Politics — even in Hollywood — indeed does make for strange bedfellows.
Tom Cruise has found a little new money — about $ 3 million — for his production company. But it’s no case of "meet the new boss, same as the old boss."
Cruise, in partnering with Washington Redskins owner Daniel M. Snyder and Virginia home builder Dwight W. Schar, is now in very different company than ever before.
Both Snyder and Schar are very big Republican donors, active in the Virginia Republican party, and huge supporters of President Bush.
This is in stark contrast to Sumner Redstone, head of Viacom/Paramount. Redstone, who lives in Massachusetts, is a Kennedy man and a big Democratic contributor.
Cruise’s partner, Paula Wagner, and her husband Rick Nicita, Cruise’s agent, are also active Democratic contributors in Hollywood.
Leaving the Democratic confines of Hollywood studios for outside money puts Cruise in an interesting position with his new partners.
According to federal election filings, Schar, for example, has given Republicans hundreds of thousands of dollars over the last few years and was President Bush’s finance co-chair in Virginia.
And Schar is seriously a Republican. In 2005, Schar gave $36,000 to Pennsylvania congressional candidate Michael Fitzpatrick, using his Palm Beach, Fla., address.
In the last two years, Schar has also contributed $77,400 to the Republican National Committee.
When he likes a candidate, he’s there for them, too. Schar sent Heather Wilson, New Mexico congressional candidate, $10,500 in 2004. His four-year total to all Republican campaigns comes to a little over $250,000.
But those were just his individual contributions. His NVR Homes gave over $500,000 in soft money in the crucial 2000-2002 campaign cycle as well.
The Schar family should appeal to Cruise in other ways, too. They are as devoted to the Republican party as his friends, the Feshbachs, whom I wrote about yesterday, are to Scientology.
Dwight Schar’s wife, Martha, has kicked in an additional $197,682 to Republicans since 2002. At different times she’s been listed as a "housewife" or "not in workforce."
Cruise will probably like Schar’s sense of humor, though, considering his own reputation as a control freak.
When Mother Jones magazine called Schar in 2001 about including him on a story about donors, the Virginian — credited with convincing Bush 43 to run for president — laughed, "Are you calling to say that if I give you money, you won't put me on the list?"
Snyder, meantime, is no slouch in the giving department. He has ponied up at least $40,000 in the last decade to Republican causes. He’s a big supporter and close personal friend of Sen. George Allen of Virginia, as well.
That makes sense, since the late great George Allen Sr. managed the Redskins from 1971-1977 (after more than a dozen years with the Bears and the Rams).
Again, in the crucial 2000 election cycle, his Snyder Communications gave $25,000 in soft money to Republicans.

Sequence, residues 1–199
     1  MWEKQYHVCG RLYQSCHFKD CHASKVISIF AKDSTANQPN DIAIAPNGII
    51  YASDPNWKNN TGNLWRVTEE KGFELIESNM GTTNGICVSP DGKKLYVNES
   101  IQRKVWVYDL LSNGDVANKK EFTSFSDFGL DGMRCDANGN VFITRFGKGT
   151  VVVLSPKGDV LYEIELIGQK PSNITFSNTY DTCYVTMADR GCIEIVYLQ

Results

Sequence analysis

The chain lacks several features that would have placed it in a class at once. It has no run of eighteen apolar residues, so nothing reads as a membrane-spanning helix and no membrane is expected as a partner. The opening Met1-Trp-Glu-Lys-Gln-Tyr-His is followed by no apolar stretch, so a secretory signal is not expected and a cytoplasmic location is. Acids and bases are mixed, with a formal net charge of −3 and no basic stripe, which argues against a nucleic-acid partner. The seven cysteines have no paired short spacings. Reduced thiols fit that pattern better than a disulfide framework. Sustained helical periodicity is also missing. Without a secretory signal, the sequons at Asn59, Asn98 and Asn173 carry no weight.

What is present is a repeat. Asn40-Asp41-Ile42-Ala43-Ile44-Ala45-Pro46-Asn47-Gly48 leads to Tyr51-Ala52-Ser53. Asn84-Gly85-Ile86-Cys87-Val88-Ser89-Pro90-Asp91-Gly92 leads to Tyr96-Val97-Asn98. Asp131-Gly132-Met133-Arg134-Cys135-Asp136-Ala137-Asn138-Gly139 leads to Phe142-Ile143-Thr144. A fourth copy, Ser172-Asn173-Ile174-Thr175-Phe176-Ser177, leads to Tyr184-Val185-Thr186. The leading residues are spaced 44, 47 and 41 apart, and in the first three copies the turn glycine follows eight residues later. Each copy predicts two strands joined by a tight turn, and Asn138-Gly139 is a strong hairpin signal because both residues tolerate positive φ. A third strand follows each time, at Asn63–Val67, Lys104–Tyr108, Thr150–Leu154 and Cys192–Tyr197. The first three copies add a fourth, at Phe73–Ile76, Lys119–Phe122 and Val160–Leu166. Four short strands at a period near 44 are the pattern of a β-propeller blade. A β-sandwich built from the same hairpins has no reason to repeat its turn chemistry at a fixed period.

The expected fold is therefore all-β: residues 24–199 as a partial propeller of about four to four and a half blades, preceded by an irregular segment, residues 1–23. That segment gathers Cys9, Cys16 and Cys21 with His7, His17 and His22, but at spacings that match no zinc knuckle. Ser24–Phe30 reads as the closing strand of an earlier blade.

By contrast, his wife, Tanya Snyder, donated her own $2,000 to the Democratic National Committee in 2000. Not to worry: she also sent Republicans, including Orrin Hatch, $4,000.
In 2003, Tanya Snyder — described on her donation forms as a housewife, donated $10,000 to the National Republican Senatorial Committee. Mrs. Snyder’s total to Republicans since 2003: a little over $70,000.
All that should make for interesting dinner conversations — not to mention choices of movies to make — among all these people, since Cruise himself gave Democratic candidates a total of $29,500 in 1998-2000, including $2,000 to Hillary Clinton and $1,000 each to Tom Dashchle and Barbara Boxer. Cruise also gave money to Boxer in 2003.
His partner, Wagner, has made small donations to the campaigns of John Kerry, Daschle and Wesley Clark. Both Wagner and husband Nicita have sent money as well to Minnesota senatorial candidate (and county prosecutor) Amy Klobuchar, who’s about as Democratic as you can get: she’s a protégé of Walter Mondale.
And here’s a little twist: on three of her four political donations, Wagner identified herself as a movie producer. But on her most recent, dated May 31, 2006, she entered "self-employed" as her occupation.
Was she just prescient, or did Wagner know — some 26 days after "Mission: Impossible 3" had been open and was clearly underperforming — that the party was over for her and Cruise and Paramount?
Michael Jackson turns 48 years young today. It must be a day for some introspection. Here’s where he’s at:
Self-exiled from the United States, Jackson remains temporarily parked on the Middle East island of Bahrain, where he’s the moonwalking pet of Prince Abdullah.
Jacko and the prince have a deal for a record label, 2 Seas, that’s yet to happen, and an album Jackson has not actually worked on.
Jackson’s PR woman, Raymone Bain, and his children’s nanny, Grace Rwaramba, are now his general managers. Many lawyers are suing him for unpaid fees.
When he’s not in Bahrain, Jackson divides his time between Ireland and England, where he stays at one of two hotels. He may be underwriting some of this from money he received in a financial restructuring in June, and my sources say he’s got a $1 million a month drawing allowance on about $12 million total. Otherwise, the Prince is his backer.
In America, Jackson faces several legal actions, including a lawsuit for $48 million that’s proceeding in New York.
In California, he owes Marc Schaffel about $1 million from a recent legal judgment. And there’s an ongoing custody-monetary battle with ex-wife Debbie Rowe.
At the same time, Jackson’s Neverland Ranch is abandoned, but has a $25 million lien against it. His parents’ home, which he also owns, is secured by a $2.2 million mortgage. Jackson regularly misses payments on it, and the house has been in and out of foreclosure.